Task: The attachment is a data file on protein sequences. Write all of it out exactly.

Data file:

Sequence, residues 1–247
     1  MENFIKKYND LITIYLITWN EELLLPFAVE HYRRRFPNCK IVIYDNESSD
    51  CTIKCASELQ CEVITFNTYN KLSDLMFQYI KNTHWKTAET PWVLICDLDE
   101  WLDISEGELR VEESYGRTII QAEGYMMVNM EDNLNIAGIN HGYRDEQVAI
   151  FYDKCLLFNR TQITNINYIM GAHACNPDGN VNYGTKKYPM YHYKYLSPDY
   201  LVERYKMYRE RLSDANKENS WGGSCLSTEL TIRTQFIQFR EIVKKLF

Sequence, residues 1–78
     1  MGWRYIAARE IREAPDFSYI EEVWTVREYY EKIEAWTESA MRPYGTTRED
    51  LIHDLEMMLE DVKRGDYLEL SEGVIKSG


Sequence, residues 1–247
     1  MENFIKKYND LITIYLITWN EELLLPFAVE HYRRRFPNCK IVIYDNESSD
    51  CTIKCASELQ CEVITFNTYN KLSDLMFQYI KNTHWKTAET PWVLICDLDE
   101  WLDISEGELR VEESYGRTII QAEGYMMVNM EDNLNIAGIN HGYRDEQVAI
   151  FYDKCLLFNR TQITNINYIM GAHACNPDGN VNYGTKKYPM YHYKYLSPDY
   201  LVERYKMYRE RLSDANKENS WGGSCLSTEL TIRTQFIQFR EIVKKLF

Sequence, residues 1–78
     1  MGWRYIAARE IREAPDFSYI EEVWTVREYY EKIEAWTESA MRPYGTTRED
    51  LIHDLEMMLE DVKRGDYLEL SEGVIKSG